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Sure Signs You Have the New COVID Variant

An urgent care doctor who has treated COVID patients since the beginning explains.
FACT CHECKED BY Emilia Paluszek

Our lives have been turned upside down for over two years now thanks to COVID and while things are returning to normal, the pandemic isn't over.  People are still getting infected daily with the virus and there's an uptick of cases in many areas. In addition, there's constantly new variants because the virus continues to mutate, which makes this feel like it's never ending. Dr. Bayo Curry-Winchell, Urgent Care Medical Director and Physician, Carbon Health and Saint Mary's Hospital has been treating COVID patients since the beginning and Eat This, Not That! Health spoke with her about the latest variants and what to know about them. Read on—and to ensure your health and the health of others, don't miss these Sure Signs You've Already Had COVID.


What is the Latest COVID Variant and What Should People Know About It?

Female Lab Research Worker Wearing PPE Holding Test Tube Labelled BA.2

Dr. Curry-Winchell says, "BA.4 and BA.5 are the two new variants that are causing an uptick in cases. The subvariants are a concern because of their ability to transmit infection quickly (highly contagious) and re-infect people previously infected with COVID-19." 


How Effective is the Vaccine Against the Variants?

Woman wearing face mask looking at camera showing thumbs up after getting the covid-19 vaccine.

Dr. Curry-Winchell states, "The vaccine remains protective against COVID-19 by decreasing your risks of severe disease or hospitalization. Currently research suggests the vaccines are less effective against the new variants." 


Why Should People Still Get Vaccinated if the Original Strain Isn't Dominant?

Doctor vaccinating female patient in clinic.

Dr. Curry-Winchell shares, "We often hear the phrase no guarantees in life. This holds true with COVID-19. Although the original strain is not the dominant strain, it does not fully absolve your chances of getting it. If you are vaccinated and boosted it provides the best chance of not experiencing severe illness, hospitalization, or death." 


Why Do Some People Experience a Mild Case of COVID, While Others Have Lingering Symptoms?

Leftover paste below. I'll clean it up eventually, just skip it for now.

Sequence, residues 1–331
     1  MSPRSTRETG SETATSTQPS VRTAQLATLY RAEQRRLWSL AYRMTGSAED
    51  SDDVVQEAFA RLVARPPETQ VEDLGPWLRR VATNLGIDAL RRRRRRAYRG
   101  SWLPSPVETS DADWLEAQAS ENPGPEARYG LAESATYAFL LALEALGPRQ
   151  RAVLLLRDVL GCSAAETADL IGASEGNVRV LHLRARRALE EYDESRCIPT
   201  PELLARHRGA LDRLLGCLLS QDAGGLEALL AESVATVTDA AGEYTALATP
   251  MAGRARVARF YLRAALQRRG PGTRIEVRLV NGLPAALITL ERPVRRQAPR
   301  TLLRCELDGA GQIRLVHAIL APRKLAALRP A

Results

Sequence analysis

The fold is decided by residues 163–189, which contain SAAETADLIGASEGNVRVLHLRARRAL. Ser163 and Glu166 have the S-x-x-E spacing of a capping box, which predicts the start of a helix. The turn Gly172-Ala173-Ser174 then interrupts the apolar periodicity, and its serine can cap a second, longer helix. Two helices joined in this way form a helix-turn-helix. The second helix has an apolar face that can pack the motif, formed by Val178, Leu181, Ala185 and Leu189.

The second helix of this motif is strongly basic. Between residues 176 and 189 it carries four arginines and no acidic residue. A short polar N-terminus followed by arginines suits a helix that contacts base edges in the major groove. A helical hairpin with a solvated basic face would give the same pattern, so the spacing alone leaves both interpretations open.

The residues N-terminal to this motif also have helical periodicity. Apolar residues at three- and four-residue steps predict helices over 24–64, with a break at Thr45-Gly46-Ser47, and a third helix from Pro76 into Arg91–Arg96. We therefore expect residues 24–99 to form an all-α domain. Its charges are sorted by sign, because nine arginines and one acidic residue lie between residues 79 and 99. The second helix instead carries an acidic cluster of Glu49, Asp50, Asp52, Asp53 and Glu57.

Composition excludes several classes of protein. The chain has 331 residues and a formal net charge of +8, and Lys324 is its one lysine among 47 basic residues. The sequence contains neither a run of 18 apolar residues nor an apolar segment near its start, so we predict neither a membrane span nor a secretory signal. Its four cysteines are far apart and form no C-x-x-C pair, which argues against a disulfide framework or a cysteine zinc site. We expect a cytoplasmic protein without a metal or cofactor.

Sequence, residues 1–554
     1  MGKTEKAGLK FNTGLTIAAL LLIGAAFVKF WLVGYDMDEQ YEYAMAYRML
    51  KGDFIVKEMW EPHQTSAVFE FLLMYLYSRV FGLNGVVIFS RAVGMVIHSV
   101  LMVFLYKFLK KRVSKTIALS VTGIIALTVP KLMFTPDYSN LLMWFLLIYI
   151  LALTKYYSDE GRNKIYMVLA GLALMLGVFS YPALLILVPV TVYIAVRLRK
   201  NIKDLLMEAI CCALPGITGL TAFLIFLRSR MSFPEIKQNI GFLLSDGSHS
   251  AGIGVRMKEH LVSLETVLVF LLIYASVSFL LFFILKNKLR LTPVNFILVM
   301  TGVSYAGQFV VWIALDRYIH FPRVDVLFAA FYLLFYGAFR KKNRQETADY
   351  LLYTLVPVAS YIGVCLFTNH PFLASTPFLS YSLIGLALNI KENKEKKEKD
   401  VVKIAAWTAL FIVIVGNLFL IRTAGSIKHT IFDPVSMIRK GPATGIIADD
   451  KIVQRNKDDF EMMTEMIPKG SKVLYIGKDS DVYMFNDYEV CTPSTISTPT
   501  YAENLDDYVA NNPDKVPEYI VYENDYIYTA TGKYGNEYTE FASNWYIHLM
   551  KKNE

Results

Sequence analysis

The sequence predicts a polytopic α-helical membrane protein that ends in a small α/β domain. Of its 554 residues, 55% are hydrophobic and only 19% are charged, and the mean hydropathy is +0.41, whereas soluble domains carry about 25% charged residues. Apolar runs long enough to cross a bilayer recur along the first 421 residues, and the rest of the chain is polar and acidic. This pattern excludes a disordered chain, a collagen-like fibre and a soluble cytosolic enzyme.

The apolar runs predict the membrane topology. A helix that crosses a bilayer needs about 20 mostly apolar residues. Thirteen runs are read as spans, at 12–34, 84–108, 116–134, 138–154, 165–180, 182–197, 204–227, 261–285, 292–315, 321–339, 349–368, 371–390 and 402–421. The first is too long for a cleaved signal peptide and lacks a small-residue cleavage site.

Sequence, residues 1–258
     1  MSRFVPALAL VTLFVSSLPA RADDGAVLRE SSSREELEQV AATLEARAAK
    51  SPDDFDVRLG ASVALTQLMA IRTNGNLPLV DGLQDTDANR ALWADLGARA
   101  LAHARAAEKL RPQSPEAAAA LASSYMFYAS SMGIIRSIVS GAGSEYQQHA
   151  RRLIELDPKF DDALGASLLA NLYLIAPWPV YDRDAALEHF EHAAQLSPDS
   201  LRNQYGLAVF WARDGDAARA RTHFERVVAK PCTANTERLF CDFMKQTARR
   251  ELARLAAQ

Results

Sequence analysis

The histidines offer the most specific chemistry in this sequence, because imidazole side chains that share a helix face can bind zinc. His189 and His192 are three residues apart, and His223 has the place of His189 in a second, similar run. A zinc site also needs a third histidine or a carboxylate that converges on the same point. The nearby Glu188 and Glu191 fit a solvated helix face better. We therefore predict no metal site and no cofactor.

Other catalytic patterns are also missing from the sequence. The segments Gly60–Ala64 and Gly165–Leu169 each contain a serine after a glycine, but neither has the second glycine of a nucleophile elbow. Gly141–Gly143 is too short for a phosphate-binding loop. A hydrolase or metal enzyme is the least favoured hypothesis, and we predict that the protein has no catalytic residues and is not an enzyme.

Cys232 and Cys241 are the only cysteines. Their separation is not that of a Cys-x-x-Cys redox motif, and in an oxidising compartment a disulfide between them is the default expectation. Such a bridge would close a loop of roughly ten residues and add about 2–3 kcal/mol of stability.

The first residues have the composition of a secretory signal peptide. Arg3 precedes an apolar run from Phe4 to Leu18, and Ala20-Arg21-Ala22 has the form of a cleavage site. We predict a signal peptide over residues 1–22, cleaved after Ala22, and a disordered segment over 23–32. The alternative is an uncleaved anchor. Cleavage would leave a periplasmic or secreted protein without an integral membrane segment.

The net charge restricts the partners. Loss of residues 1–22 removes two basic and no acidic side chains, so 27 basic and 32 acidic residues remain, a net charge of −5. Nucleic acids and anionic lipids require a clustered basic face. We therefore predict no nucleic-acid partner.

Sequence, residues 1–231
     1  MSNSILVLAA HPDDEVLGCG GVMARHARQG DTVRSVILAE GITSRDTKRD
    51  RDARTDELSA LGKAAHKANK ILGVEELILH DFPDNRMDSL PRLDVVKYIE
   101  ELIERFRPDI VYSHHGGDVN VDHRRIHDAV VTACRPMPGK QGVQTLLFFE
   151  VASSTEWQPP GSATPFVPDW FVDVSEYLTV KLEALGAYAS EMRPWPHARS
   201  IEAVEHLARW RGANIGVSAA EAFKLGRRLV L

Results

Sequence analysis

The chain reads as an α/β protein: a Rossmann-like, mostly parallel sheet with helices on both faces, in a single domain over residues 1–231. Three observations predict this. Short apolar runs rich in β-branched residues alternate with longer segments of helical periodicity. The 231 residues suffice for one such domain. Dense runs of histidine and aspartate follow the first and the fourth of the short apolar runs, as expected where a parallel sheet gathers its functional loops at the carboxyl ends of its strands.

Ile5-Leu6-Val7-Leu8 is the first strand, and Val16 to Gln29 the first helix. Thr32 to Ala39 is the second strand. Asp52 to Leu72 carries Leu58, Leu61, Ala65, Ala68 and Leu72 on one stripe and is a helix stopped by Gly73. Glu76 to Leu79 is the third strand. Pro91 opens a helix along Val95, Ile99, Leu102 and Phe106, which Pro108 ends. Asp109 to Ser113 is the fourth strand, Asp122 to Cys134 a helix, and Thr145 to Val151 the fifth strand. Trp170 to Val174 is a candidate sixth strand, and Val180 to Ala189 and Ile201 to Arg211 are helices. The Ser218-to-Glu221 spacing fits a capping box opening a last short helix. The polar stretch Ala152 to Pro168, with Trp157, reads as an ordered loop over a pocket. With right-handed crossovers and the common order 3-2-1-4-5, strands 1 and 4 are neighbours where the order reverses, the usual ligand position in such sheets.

woman in a hospital waiting room - wearing face mask

Dr. Curry-Winchell explains, "It's multifaceted. It could be due to your current health status. If you have a disease such as diabetes, high blood pressure or a chronic condition, your chance of experiencing lingering symptoms could increase. However, many of my patients without underlying health conditions are experiencing Long COVID."


How to Tell the Difference Between the COVID Variant and the Flu or Cold?

sick immune system

"It's hard to tell," says Dr. Curry-Winchell. "Unfortunately, many of the symptoms are the same such as fever, cough, sinus pressure and body aches. That's why it's important to utilize home COVID-19 tests. If your symptoms are getting worse or there's new developments, seek out a health care provider. Knowing your diagnosis can help you choose the best treatment plan."


Are the Variants as Serious as the Original COVID Strain?

Sick woman with flu at home

Dr. Curry-Winchell shares, "Each variant is slightly different from the original strain. At this time the new variants are associated with a high rate of transmission meaning it's easier to catch. Therefore, it's important to stay at home if you are experiencing symptoms, get tested, and consider getting vaccinated and boosted."


What Are Signs You Have the New Variant?

Young woman having flu

Dr. Curry-Winchell tells us, "There are no sure signs of having the new variant. If you are experiencing any COVID-19 symptoms such as a cough, fatigue, body aches, sinus pressure, loss of taste or smell and body aches, reach out to your health care provider."


How to Stay Safe Out There


Follow the public health fundamentals and help end this pandemic, no matter where you live—get vaccinated or boosted ASAP; if you live in an area with low vaccination rates, wear an N95 face mask, don't travel, social distance, avoid large crowds, don't go indoors with people you're not sheltering with (especially in bars), practice good hand hygiene, and to protect your life and the lives of others, don't visit any of these 35 Places You're Most Likely to Catch COVID.

Heather Newgen
Heather Newgen has two decades of experience reporting and writing about health, fitness, entertainment and travel. Heather currently freelances for several publications. Read more about Heather